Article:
NFL Nation: Richard Bartel
- The Hyphen: The Cardinals announced a second-round tender for running back LaRod Stephens-Howling, meaning any team signing Stephens-Howling would have to give Arizona a 2012 second-round choice if the Cardinals declined to match the offer. Stephens-Howling was a seventh-round pick. The fact that Arizona values him at a second-round level reflects well on him, and on the team for drafting him.
- Amendola valued: Jim Thomas' report of a second-round tender for Danny Amendola suggests the Rams' new staff wants to keep the slot receiver. Amendola caught 85 passes in 2010, then suffered a season-ending elbow injury in the 2011 opener. He is 26 years old, has a good rapport with quarterback Sam Bradford and can contribute in the return game.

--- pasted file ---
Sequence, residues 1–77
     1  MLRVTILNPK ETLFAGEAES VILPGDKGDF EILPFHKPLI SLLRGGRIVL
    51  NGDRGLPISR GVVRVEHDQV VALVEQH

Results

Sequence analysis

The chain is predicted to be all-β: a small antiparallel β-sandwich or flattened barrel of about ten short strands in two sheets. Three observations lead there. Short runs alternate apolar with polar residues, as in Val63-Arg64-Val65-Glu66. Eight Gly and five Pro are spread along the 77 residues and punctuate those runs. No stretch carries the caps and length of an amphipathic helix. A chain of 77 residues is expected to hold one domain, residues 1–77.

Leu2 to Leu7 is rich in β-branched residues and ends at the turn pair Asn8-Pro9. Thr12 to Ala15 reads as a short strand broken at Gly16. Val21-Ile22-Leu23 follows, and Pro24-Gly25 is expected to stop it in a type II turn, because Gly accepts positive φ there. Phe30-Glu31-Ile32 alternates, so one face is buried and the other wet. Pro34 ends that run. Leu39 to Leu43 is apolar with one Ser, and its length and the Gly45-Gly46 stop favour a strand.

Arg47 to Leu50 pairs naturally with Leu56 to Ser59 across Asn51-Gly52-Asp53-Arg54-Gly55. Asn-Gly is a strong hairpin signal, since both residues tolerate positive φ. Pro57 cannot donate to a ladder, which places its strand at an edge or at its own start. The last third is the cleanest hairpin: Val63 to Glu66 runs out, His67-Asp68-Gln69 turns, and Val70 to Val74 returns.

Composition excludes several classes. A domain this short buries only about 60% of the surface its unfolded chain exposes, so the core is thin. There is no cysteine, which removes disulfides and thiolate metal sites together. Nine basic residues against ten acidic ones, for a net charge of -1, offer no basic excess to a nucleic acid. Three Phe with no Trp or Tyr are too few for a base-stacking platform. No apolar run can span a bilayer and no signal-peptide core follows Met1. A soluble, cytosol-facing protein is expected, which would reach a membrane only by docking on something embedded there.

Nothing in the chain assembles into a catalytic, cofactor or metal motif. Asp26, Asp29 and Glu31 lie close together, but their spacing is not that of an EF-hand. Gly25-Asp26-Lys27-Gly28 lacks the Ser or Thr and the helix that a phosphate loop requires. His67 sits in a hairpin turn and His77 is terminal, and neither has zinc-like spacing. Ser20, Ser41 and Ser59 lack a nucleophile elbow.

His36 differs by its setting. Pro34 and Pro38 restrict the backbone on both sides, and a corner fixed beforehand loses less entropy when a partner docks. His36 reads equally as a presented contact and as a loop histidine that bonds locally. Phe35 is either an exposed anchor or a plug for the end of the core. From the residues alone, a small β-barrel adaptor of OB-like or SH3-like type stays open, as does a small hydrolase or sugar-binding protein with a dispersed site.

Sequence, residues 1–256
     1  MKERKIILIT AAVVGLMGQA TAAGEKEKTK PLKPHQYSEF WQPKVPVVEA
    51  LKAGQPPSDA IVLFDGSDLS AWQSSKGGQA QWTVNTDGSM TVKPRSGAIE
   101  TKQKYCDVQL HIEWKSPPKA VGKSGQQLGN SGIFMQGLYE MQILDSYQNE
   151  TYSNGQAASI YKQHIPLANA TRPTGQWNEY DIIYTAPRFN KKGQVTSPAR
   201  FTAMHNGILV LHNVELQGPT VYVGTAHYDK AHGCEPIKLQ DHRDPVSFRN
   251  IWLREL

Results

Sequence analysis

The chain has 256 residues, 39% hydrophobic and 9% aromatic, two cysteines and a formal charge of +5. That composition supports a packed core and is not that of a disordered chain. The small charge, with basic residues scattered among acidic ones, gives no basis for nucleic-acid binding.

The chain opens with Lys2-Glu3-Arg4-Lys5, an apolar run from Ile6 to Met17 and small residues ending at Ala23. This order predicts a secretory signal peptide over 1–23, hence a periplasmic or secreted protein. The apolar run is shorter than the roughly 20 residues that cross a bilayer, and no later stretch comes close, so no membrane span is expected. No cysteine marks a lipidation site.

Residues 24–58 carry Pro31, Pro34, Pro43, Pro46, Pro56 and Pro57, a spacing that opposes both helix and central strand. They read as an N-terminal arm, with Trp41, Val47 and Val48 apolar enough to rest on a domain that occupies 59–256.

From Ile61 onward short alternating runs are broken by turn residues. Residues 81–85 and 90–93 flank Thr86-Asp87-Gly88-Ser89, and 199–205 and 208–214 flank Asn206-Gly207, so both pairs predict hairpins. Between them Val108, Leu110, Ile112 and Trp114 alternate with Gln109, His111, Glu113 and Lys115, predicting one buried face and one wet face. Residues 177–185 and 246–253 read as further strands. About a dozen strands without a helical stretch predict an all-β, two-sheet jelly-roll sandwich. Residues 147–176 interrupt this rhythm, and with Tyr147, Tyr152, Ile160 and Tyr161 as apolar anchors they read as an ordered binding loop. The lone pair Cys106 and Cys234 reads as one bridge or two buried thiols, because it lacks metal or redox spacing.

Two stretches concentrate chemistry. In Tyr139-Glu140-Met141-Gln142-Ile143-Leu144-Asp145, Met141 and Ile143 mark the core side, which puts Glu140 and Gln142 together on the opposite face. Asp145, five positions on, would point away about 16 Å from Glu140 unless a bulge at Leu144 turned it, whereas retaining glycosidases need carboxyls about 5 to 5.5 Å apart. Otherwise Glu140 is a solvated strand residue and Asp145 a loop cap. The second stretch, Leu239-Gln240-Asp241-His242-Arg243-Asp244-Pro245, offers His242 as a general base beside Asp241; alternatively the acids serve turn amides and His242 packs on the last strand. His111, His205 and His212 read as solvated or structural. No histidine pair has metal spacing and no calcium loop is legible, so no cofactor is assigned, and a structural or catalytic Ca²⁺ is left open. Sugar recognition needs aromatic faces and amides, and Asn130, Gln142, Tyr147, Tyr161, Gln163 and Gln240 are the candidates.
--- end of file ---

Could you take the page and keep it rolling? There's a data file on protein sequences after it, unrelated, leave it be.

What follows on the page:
- Secondary values: Arizona safety Rashad Johnson and cornerback Greg Toler received original-round tenders. That means Johnson would fetch a third-round pick and Toler a fourth-rounder. The knee injury Toler suffered before last season suppressed his value.
- No Max Hall: The Cardinals retained rights to exclusive-rights free agents Rich Bartel, Alfonso Smith, Ronald Talley and Brandon Williams. They made no offer to Max Hall, a forgotten man in the team's quarterback race. Hall was once a player the Cardinals liked for his toughness and leadership, but his days in Arizona appear finished.
- 49ers' LB depth: San Francisco had only two RFA candidates, linebacker Larry Grant and receiver Brett Swain. The team has made no announcement on its tenders, but Grant appears likely to receive an original-round offer, pegging his value to a seventh-round pick, Matt Maiocco notes. Grant played extensively on special teams and filled it pretty well at linebacker when Patrick Willis was out. The 49ers should be able to match any offers, or they could look for depth in the draft. Looks like Swain is head headed for free agency.